Sunny (Vikrant Massey) is desperate to get married because his father has promised to finance his dream — a tandoori restaurant — if he does so. He simply doesn’t want to spend his life looking after the family business — a flourishing hardware shop. Ginny (Yami Gautam) is in a blow-hot, blow-cold relationship with a rich Haryanvi guy Nishant (Suhail Nayyar). He’s commitment-phobic as hell and that has made her put him in friendzone, though in his mind they’re still together. Ginny’s mother Shobha (Ayesha Raza Mishra) is a successful marriage fixer and knows Sunny as he’s the son of family friends. She asks Sunny to stalk Ginny and gives him tips to win her over. The mother’s plans take fruit but at that point, Nishant proposes to Ginny out-of-the-blue leading to all kinds of confusion.
The basic idea, that of a shy boy falling in love with the girl of his dreams and being helped in his pursuit by his relatives and friends has been a staple of the Hindi film industry since its beginnings. It’s been used so many times that we’ve lost count. A girl caught between a commitment-phobic ex and an over-eager new boyfriend is also something that’s as old as the hills. The way out of this conundrum is to make things whippy and snappy. However, the film takes its own sweet time reaching certain conclusions. It suffers from lazy writing. It doesn’t help that uncalled for songs have been inserted, which drag the events further. Yami Gautam is fed up with a guy who isn’t saying yes to marriage but she does the exact same thing to her new beau. There’s a genuine story here of a girl whose emotional anchor was her father and who is looking for someone to fill that gap but it gets lost amidst the tiresome proceedings. And what kind of message is the film sending in this day and age when it has a mother plotting her daughter’s love life? What’s more serious is that Ginny doesn’t question Sunny’s sudden presence in her life. Wouldn’t any girl, that too a Delhi girl, be curious about it? There’s no confrontation between her and her mother at all when she learns the truth. She just lets go of the whole episode. The director leads the proceedings towards a ‘clever’ climax but it’s a rather shoddy state of affairs. The film is filled with golden-hearted characters who believe in doing good for others. Hence, we thankfully don’t have Ginny’s ex muttering threats and making life hell for her, and the girl Sunny is engaged to also turns out to be a saint.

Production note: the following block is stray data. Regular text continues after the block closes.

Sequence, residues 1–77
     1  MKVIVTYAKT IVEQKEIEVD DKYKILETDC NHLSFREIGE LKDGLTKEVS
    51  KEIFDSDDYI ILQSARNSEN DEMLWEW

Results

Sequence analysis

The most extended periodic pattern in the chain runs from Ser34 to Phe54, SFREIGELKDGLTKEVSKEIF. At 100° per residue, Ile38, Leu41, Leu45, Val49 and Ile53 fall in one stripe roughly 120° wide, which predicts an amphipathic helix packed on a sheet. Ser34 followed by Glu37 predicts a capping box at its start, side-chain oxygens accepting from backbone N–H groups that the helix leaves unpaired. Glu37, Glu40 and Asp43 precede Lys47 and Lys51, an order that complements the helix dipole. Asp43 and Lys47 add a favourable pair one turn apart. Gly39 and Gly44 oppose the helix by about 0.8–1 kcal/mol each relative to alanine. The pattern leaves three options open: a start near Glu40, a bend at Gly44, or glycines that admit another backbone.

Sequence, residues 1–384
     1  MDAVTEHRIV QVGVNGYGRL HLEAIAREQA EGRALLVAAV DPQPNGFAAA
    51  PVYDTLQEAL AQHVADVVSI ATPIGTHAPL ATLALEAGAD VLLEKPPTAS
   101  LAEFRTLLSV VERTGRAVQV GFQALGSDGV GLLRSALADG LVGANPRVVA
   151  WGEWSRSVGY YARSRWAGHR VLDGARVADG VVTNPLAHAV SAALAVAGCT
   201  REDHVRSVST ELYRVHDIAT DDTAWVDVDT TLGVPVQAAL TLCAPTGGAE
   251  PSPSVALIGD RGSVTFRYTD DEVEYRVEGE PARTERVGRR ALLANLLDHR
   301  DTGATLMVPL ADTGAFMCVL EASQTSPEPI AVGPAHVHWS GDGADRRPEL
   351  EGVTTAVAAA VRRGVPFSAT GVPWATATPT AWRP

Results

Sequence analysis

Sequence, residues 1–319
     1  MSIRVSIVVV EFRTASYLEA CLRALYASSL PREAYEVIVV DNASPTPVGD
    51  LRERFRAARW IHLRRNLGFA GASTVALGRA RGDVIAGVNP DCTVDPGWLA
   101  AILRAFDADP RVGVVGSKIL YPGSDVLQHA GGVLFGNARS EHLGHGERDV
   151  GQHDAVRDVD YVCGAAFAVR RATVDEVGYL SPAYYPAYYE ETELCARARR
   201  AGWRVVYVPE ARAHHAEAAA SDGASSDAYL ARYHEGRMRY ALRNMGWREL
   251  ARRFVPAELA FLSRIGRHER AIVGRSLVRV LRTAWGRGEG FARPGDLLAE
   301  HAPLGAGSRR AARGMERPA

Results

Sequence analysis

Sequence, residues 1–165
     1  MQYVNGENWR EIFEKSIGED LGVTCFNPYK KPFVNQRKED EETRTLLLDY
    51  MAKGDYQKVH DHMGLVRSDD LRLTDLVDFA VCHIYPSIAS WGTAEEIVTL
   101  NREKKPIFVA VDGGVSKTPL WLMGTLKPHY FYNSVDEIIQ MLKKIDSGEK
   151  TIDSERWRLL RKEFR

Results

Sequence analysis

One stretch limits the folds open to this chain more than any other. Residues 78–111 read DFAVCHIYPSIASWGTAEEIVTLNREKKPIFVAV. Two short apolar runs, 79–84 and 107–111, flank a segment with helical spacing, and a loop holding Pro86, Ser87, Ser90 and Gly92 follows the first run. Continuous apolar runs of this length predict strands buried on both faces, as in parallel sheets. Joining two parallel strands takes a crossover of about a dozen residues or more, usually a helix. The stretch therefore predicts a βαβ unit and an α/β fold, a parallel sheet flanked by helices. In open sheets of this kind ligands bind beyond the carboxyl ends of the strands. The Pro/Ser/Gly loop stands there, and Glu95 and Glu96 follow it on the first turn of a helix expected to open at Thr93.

In how many films would Yami play a sensible Punjabi girl who is pursued by lads not worthy of her? To her credit, she makes the best of the proceedings and tries to rise above the shoddy script. Her genuine efforts are to be lauded. Vikrant Massey has the habit of underplaying his characters but here that trait somewhat backfires as he’s rendered almost invisible in some scenes. He’s trying too hard to be this good person and the effort shows. He has a selfish motive for marriage at the start but later it isn’t clearly shown how he outgrows that and genuinely falls in love with Yami. His angst, his remorse doesn’t have a graph. Like Yami, Vikrant too struggles with the inept script. The supporting cast has done its job but fails to rise above the archetype of loud and caring Punjabis.